This is another simple habit that, if you do it properly, will have a huge impact on your stress levels…

But you’ve got to make sure you’re surrounding yourself with the right people! Not Debbie Downers or people who suck your energy and make you feel more stressed. 

As MentalHelp explains:

“Social support seems to affect our balance of hormones. Adequate amounts of social support are associated with increases in levels of a hormone called oxytocin, which functions to decrease anxiety levels and stimulate the parasympathetic nervous system calming down responses.”

So make it a new habit. 

Even if you’re busy, we can all find ways to spend some time each day with a close friend or family member. Even if it’s just a quick video call or sending someone a message. 

5) Making time for yourself, too

And while you’re prioritizing your loved ones, don’t forget yourself, too. 

Carving out a little bit of time each day for something you want to do is also an incredible way to reduce stress.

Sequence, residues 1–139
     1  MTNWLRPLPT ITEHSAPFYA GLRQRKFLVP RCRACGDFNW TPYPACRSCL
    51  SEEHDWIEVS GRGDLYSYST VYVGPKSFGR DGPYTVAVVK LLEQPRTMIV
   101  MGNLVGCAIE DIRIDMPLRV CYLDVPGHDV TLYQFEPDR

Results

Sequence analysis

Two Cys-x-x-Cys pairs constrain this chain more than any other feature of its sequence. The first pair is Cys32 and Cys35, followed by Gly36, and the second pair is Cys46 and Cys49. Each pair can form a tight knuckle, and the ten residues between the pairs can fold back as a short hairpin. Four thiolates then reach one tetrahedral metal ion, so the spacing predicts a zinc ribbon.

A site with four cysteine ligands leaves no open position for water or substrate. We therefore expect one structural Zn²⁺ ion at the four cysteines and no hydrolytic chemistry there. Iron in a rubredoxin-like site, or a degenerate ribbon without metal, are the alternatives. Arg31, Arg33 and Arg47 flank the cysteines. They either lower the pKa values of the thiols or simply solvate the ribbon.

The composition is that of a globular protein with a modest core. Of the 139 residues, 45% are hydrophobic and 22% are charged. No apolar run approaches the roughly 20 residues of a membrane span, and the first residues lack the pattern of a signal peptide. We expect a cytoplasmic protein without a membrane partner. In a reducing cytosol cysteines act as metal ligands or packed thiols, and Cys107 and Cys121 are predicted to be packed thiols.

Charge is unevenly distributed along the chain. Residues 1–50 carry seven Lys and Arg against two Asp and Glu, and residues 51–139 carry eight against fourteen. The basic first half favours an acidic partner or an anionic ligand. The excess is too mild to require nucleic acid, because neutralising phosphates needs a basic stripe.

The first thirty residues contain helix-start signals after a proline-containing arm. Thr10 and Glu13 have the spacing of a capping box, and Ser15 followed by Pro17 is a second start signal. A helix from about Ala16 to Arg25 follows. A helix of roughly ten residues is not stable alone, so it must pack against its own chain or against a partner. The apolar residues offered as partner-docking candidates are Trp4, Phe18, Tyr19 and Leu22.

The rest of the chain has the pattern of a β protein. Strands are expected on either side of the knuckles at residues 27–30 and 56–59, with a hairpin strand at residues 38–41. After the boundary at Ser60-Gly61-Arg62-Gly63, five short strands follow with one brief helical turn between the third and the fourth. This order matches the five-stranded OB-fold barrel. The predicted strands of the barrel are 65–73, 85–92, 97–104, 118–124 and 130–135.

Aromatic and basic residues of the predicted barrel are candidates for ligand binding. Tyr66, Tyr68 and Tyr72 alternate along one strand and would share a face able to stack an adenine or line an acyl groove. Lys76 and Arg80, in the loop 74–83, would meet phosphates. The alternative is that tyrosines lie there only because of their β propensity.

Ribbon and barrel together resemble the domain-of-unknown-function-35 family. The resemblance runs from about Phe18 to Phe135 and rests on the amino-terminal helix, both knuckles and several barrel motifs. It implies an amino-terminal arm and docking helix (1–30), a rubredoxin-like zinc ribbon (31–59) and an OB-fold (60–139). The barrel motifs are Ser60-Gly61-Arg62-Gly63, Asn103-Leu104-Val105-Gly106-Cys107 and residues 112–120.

For example, last week I could feel my stress levels rising. A lack of routine, family drama, and work looming in on Monday wasn’t a fun combination. 

So I took an evening for myself. Canceled all plans, watched a movie, ate my favorite meal, and then soaked in the shower for too long, singing along to Tracey Chapman songs. 

And trust me when I say I felt tons lighter afterward. 

It was a reminder to me, too, that a little “me time” every day, even if it’s just one little thing a day, is worth doing to reduce stress levels. 

6) Digital detoxing 

Ah, now time for one of my favorites – turning off technology

Most of us don’t realize just how overwhelming and overloading social media, the news, and our gadgets in general are. 

But think about it this way: